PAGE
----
A second camera-trap has disappeared from Gai-Ais spring. This camera was mounted securely on 29 May 2013 and the signs suggested that it was dislodged from its mounting by spotted hyaenas and carried off. Three hours were spent walking and systematically searching the surrounding area, but the camera was not found.

21 Aug 2013 12h00. Xpl-68 vs Xpl-73. The “Terrace Male” (Xpl-68) reached the Hoaruseb River at 11h38. The position where he entered the River is approximately 4 km west of Xpl-73.

21 Aug 2013 07h00. Xpl-68 vs Xpl-73. Another confrontation between the “Terrace Male” (Xpl-68) and Xpl-73 “Rosh” is imminent. Xpl-73 is currently in the lower Hoaruseb River and the “Terrace Male” is moving towards him from the Khumib River (see map).

20 Aug 2013. Huab River. The two radio-collared lionesses of the Huab Pride were located. Xpl-75 moved deeper into the Skeleton Coast Park and Xpl-76 was still feeding on the remains of her zebra kill. The tracks of an adult male was followed, but he could not be located. The “Terrace Male” (Xpl-68) walked further south and reached the Khumib River.

19 Aug 2013. Huab Lionesses. Both females of the Huab Pride were located today. Xpl-75 was lying on a hummock inside the Skeleton Coast Park (photo: left) and Xpl-76 was feeding on a zebra carcass south of Peter’s Pool (photo: right). The “Terrace Male” (Xpl-68) is heading back home – he reached the Secumib River last night and walked 171 km during the past three days.

18 Aug 2013. Dorob Male. The Land Cruiser is currently being repaired in Walvis Bay and Simon van Zyl of CPP (see Sponsors) kindly provided a vehicle to continue with fieldwork for the next week or two (photos: top row). The Dorob Male (Xpl-77) was located in the lower Huab River. He was feeding on a carcass (possibly an Oryx) inside a thick reed bed.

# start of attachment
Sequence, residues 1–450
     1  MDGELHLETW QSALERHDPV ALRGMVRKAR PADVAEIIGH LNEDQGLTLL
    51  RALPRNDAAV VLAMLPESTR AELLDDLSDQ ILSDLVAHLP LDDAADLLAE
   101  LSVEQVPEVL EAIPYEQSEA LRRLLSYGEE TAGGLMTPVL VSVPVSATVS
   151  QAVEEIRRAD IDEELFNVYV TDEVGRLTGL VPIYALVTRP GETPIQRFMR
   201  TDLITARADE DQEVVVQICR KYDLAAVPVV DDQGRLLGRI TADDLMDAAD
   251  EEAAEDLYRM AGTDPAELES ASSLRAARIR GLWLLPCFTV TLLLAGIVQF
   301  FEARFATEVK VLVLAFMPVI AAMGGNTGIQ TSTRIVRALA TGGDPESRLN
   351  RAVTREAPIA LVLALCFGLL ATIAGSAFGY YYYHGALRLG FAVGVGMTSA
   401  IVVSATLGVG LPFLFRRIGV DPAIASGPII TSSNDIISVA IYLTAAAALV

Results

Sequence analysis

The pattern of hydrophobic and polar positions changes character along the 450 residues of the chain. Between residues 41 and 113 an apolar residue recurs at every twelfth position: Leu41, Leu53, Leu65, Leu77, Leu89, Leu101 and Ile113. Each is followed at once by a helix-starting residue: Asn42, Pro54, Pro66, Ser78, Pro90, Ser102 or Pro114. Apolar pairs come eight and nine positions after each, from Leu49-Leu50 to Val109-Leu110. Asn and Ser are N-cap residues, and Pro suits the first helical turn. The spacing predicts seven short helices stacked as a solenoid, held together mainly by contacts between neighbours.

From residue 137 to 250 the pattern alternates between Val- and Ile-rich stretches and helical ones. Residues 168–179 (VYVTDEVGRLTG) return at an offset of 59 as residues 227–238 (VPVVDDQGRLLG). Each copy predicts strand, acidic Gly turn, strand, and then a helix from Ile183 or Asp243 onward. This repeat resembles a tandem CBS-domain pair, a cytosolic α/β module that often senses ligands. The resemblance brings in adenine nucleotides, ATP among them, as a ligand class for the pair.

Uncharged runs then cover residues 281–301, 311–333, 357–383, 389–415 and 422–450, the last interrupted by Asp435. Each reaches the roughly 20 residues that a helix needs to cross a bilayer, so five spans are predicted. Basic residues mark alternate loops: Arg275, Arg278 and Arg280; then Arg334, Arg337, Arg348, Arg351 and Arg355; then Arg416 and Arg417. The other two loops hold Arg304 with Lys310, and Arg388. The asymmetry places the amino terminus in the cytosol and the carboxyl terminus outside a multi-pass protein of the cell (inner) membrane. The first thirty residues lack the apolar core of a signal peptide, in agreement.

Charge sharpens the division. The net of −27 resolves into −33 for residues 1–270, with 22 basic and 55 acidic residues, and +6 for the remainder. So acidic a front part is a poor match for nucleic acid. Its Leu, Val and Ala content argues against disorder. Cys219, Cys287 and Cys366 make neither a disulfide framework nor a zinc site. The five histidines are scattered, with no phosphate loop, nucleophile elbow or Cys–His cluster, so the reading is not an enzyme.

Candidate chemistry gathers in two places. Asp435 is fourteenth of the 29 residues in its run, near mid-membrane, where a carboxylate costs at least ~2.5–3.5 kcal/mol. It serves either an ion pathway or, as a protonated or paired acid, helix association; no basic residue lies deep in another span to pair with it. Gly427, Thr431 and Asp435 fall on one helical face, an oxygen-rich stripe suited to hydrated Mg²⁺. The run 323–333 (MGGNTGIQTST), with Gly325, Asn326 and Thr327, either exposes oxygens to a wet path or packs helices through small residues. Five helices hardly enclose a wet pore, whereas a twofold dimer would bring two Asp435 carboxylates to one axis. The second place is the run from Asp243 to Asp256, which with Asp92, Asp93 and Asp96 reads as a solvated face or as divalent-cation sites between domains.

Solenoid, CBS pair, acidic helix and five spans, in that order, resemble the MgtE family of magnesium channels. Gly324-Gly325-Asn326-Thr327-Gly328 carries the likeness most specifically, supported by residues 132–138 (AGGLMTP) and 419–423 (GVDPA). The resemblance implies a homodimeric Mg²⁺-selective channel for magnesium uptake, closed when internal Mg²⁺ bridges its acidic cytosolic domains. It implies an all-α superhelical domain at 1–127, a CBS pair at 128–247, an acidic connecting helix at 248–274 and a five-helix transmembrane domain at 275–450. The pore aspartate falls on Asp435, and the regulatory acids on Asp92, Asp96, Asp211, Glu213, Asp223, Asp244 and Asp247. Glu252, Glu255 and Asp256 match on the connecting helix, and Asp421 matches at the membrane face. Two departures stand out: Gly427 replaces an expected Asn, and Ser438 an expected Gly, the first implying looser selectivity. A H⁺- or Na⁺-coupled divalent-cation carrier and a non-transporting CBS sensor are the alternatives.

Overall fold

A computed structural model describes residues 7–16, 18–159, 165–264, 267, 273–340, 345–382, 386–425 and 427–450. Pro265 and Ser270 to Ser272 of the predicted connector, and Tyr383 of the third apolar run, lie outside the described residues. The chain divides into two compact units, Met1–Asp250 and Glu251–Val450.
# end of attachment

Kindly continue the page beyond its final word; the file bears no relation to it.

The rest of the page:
17 Aug 2013 07h00. Xpl-68's visit to Angola.

During the 1980s the tracks of a male lion was observed on several occasions at the mouth of the Kunene River by Rangers of the Skeleton Coast Park and Skeleton Coast Fly-In Safaris (re: Andre Schoeman). The tracks suggested that this lion was spending a lot of time in Angola, but he disappeared after 1990. There have not been any subsequent records of lion movements in Iona National Park as well as the south-western corner of Angola.

On 01 Aug 2013 the “Terrace Male” (Xpl-68) swam across the Kunene River and ventured into Angola. This was a significant event and marked the return of lions to the area after an absence of 23 years. In addition, it is also remarkable that a “Desert lion”, with no experience of perennial rivers or any body of water larger that the pools found at small springs in the desert, swam across 76 metres of fast-flowing & crocodile-infested water.

Xpl-68 stayed in Angola for 15 days and travelled 328.5 km (average 23.5 km/day). He explored the western section of Iona National Park and travelled as far north as Baia Dos Tigress.

At 01h00 on 16 Aug 2013 he crossed the Kunene River and returned to Namibia.

Since Xpl-68 is obviously not aware of the political boundary (Namibia/Angola), his remarkable journey actually started on 20 Jul 2013 when he left the Hoaruseb River to explore “uncharted” territory (see map below). During this period of 29 days he walked 780.4 km at an average of 26.9 km/day (max = 66.3 km).